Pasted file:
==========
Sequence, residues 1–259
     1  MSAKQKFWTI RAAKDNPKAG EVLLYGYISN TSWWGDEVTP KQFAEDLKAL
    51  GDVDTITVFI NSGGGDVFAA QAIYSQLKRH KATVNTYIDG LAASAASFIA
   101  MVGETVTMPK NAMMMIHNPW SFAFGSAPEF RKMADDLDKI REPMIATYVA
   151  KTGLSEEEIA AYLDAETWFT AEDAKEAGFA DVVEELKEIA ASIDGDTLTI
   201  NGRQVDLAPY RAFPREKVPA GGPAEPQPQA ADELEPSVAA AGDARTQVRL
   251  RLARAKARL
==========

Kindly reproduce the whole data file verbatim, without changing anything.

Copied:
Sequence, residues 1–259
     1  MSAKQKFWTI RAAKDNPKAG EVLLYGYISN TSWWGDEVTP KQFAEDLKAL
    51  GDVDTITVFI NSGGGDVFAA QAIYSQLKRH KATVNTYIDG LAASAASFIA
   101  MVGETVTMPK NAMMMIHNPW SFAFGSAPEF RKMADDLDKI REPMIATYVA
   151  KTGLSEEEIA AYLDAETWFT AEDAKEAGFA DVVEELKEIA ASIDGDTLTI
   201  NGRQVDLAPY RAFPREKVPA GGPAEPQPQA ADELEPSVAA AGDARTQVRL
   251  RLARAKARL